To get your business thriving and operating as if everyone was an owner, you need 3 elements working together.
- Plans and goals that everyone knows and understands
- People – the right people with the right skills, attitudes and work ethic
- Systems – the processes that make the business work lie clockwork
Having an Ownership Mindset in your team creates an environment that promotes learning and development, while increasing visibility and accountability. Ownership Mindset cultures retain employees at a 200% better rate than non-engaged cultures.
PLANS AND GOALS
Does your business have visible and clearly understood plans and goals?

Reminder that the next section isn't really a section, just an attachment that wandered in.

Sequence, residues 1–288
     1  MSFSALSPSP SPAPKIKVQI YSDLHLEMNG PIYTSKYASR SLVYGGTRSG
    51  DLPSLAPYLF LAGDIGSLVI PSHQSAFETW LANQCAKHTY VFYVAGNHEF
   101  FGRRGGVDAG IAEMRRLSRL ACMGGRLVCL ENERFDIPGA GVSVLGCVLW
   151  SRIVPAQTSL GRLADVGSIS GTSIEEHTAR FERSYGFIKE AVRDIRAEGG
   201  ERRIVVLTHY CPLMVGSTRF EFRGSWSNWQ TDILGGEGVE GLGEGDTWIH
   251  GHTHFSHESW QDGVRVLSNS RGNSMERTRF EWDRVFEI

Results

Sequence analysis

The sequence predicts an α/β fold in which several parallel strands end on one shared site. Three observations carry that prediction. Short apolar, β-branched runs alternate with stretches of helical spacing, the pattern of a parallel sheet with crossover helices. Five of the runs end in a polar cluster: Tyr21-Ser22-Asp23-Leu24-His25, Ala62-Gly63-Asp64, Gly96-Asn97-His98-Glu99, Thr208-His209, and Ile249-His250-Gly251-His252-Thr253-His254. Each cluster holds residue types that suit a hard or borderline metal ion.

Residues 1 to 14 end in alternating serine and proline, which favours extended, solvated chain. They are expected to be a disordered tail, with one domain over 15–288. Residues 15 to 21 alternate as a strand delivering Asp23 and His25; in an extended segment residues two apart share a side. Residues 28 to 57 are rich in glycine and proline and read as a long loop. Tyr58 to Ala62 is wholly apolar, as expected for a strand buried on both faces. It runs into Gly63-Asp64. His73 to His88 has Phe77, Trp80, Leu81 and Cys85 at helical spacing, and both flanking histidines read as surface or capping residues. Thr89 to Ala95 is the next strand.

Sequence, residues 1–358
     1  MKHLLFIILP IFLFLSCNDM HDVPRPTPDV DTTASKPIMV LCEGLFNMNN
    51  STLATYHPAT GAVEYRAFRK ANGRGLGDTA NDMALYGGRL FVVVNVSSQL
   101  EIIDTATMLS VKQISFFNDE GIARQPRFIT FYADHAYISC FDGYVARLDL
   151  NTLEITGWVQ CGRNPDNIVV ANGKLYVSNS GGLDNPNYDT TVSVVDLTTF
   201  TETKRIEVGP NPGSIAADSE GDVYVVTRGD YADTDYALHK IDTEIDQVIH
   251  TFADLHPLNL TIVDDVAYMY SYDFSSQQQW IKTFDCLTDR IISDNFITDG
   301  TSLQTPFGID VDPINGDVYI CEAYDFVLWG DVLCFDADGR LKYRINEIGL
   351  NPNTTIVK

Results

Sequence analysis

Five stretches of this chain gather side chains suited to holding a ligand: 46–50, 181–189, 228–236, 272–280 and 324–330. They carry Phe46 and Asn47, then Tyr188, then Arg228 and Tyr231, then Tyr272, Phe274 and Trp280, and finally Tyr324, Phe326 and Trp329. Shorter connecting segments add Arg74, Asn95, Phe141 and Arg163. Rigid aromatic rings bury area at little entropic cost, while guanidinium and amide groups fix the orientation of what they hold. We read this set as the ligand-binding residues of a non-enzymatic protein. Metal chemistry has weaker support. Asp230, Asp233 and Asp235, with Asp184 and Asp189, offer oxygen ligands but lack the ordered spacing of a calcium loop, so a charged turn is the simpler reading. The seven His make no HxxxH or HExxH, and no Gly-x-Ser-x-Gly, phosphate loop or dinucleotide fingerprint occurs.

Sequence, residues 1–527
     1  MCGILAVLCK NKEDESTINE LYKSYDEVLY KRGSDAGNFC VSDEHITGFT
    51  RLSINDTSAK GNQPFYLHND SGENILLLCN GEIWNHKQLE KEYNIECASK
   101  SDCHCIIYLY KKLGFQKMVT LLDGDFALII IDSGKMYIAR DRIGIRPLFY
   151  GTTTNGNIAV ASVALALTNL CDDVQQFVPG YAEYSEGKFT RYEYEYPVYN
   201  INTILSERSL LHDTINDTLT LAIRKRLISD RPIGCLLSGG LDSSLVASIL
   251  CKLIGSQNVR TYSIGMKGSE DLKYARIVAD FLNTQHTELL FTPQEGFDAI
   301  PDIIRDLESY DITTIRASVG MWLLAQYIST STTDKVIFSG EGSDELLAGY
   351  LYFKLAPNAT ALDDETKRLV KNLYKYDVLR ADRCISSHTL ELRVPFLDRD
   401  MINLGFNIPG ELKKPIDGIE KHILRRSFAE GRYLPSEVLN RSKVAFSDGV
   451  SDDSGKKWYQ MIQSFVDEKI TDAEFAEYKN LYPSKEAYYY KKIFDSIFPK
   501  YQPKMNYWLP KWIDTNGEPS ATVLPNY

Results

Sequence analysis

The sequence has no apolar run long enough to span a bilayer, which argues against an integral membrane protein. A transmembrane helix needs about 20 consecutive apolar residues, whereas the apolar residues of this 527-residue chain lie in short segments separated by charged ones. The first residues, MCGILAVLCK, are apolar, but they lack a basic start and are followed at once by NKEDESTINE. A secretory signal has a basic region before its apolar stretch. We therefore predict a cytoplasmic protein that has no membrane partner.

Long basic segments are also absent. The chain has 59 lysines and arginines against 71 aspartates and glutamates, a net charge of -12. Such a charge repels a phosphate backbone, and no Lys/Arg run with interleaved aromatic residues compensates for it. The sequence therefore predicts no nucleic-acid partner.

When employees are given transparency on what the big goals are and how they fit into achieving them, they perform better. Employees that are taught the fundamentals of business and finance are better equipped to make decisions that are financially sound.
If you are the business owner and you are the only one who can see or understand the grand vision for your business then you are leading a team that is effectively blindfolded.
That’s going to feel like climbing a sheer cliff face on your own without a safety rope. And is just as risky for your business. If anything were to happen to you, no one would be able to pick up the pieces. Your business would suffer or even fade away.
If your team doesn’t know where they are going without you, they won’t know what to do next of you aren’t around. They have no direction and have to find their own way.
How much trust would you put in your employees with your financial future?
Finding The Right People